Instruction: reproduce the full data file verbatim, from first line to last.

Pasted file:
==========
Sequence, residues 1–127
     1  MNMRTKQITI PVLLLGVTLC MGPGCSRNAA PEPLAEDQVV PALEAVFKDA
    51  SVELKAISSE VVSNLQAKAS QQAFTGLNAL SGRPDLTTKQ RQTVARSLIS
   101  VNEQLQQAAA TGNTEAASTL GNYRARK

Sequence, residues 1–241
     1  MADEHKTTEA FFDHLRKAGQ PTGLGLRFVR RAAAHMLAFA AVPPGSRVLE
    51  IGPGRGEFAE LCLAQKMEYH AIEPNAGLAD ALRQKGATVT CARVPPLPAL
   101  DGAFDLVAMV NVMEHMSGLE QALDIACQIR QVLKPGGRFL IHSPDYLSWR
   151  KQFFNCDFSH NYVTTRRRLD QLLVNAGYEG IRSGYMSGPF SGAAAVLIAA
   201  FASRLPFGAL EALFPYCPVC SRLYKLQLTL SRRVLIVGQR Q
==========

Sequence, residues 1–127
     1  MNMRTKQITI PVLLLGVTLC MGPGCSRNAA PEPLAEDQVV PALEAVFKDA
    51  SVELKAISSE VVSNLQAKAS QQAFTGLNAL SGRPDLTTKQ RQTVARSLIS
   101  VNEQLQQAAA TGNTEAASTL GNYRARK

Sequence, residues 1–241
     1  MADEHKTTEA FFDHLRKAGQ PTGLGLRFVR RAAAHMLAFA AVPPGSRVLE
    51  IGPGRGEFAE LCLAQKMEYH AIEPNAGLAD ALRQKGATVT CARVPPLPAL
   101  DGAFDLVAMV NVMEHMSGLE QALDIACQIR QVLKPGGRFL IHSPDYLSWR
   151  KQFFNCDFSH NYVTTRRRLD QLLVNAGYEG IRSGYMSGPF SGAAAVLIAA
   201  FASRLPFGAL EALFPYCPVC SRLYKLQLTL SRRVLIVGQR Q